That was okay for the first volumes. Many of the books didn't hold my attention beyond the first 10 pages. But, then one day, one arrived that I knew wouldn't be allowed. I would have to sneak-read Love Story. And sneak I did, every day after school, for about 15 minutes before my older sister or my father came home, I would take a flash light and that volume and read in the back of a coat closet. I would be careful to not bend a page, to not break the spine -- tell-tale signs that I had read the contraband material. Mostly, I was confused by the book. What did Ollie mean by calling his father a sob? That he cried a lot? That didn't seem right. But, I finished the book, envious that my older sister had been able to see the movie and almost giving my secretive reading away by trying to correct her on plot points.

I continued to read other Condensed Books and to peruse the shelves expecting other new books to arrive. James Mitchner's book Centennial was published and was a R.D. Condensed choice. I knew it must be important because there was only one or two other books in the volume, not the usual four or five. I gobbled it, loving every word. I told my mother daily for weeks that it was the best book I had ever read, recommending that she read it right away. I'm not sure that the book ever moved far from the coffee table, my mother always exhausted at the end of a long work day. Books she read would sometimes slip from her hands as she started to nod. She was always upset later that she might have dropped the book and "ruined" it.

Then, two things happened that made me realize that these treasured books were not the 'real' thing. One day I overheard my father referring to someone as an S.O.B. An SOB? A sob! Just like Ollie's dad. I knew what the abbreviation meant; it meant that kids weren't suppose to know about it. I realized that something wasn't right in the book -- there were shorthand words in a book, just like parents used. Soon thereafter I was at the mall with a friend. We passed a display of Mitchner's Centennial. I realized that it was three times the length of the Condensed version. What had I missed?! Not only did my family not have many books but the ones they did have were not quite books, not quite truthful to the intent of the author, I thought. I never read a Readers' Digest book again.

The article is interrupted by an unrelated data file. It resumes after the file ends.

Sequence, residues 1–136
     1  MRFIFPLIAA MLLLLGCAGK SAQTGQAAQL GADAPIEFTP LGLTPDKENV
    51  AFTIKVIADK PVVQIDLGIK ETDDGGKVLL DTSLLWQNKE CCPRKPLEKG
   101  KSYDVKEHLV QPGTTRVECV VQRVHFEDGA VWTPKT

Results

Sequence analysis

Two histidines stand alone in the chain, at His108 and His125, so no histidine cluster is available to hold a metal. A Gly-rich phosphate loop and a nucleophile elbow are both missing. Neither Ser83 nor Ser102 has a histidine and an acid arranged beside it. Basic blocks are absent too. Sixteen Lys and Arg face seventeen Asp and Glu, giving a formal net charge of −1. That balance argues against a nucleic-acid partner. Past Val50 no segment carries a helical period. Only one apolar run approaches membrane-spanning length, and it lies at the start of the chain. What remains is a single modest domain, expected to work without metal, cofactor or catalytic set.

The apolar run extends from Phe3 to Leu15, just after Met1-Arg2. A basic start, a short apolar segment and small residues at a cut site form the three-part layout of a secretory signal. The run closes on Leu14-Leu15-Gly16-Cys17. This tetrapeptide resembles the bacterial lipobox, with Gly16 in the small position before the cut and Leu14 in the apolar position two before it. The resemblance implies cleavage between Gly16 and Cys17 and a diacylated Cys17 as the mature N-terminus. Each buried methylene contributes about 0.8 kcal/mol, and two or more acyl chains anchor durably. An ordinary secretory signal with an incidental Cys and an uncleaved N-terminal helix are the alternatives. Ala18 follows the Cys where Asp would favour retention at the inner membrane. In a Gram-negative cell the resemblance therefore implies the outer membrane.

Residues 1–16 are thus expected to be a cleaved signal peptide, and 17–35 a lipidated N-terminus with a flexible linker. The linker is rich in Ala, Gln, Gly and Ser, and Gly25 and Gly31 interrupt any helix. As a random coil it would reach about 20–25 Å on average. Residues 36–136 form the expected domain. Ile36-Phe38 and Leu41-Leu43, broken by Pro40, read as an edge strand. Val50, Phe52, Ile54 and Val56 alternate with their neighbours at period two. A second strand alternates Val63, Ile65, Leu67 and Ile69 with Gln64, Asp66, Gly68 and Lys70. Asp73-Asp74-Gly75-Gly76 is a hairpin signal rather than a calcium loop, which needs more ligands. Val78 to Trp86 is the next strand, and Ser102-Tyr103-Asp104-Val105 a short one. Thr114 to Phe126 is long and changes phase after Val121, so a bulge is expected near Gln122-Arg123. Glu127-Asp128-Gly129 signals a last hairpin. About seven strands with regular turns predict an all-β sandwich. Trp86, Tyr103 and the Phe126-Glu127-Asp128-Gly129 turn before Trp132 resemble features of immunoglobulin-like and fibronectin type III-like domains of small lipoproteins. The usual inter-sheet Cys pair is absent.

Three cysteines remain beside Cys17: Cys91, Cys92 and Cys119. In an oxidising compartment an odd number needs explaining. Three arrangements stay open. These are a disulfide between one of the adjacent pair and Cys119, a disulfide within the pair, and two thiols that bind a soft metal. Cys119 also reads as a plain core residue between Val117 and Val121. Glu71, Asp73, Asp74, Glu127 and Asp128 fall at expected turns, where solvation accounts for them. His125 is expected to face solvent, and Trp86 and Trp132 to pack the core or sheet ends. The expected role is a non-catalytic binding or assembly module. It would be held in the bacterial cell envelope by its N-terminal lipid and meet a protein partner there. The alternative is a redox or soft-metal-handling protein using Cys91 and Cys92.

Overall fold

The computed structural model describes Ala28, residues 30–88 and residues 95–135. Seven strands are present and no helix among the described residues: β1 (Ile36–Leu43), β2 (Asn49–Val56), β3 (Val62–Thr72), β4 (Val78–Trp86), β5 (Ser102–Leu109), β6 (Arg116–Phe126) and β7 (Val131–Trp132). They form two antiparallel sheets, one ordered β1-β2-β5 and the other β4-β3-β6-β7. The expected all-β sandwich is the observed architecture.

As soon as I started working in high school, I started making trips to the record store and the book store every payday. My knowledge of books, like music, was very limited. My budget was too. Vinyl was cheap -- a couple of bucks would buy a new album. Paperbacks were about the same, but they were more confusing to me. I knew what my friends were listening to, but they didn't offer reading suggestions. Each book I would buy was carefully chosen, taken home and carefully placed on my dresser or night stand. I would often hold the books, turning them over, paying attention to how the pages were stitched into the binding. I noticed how they looked and how they smelled. I read the front page copyright material. I read dedications in the front and colophons in the back. Every word was mine! I owned them. I treasured them! No longer having to be carefully of being found out for having a book I shouldn't have read, I still gingerly held each book as I read it.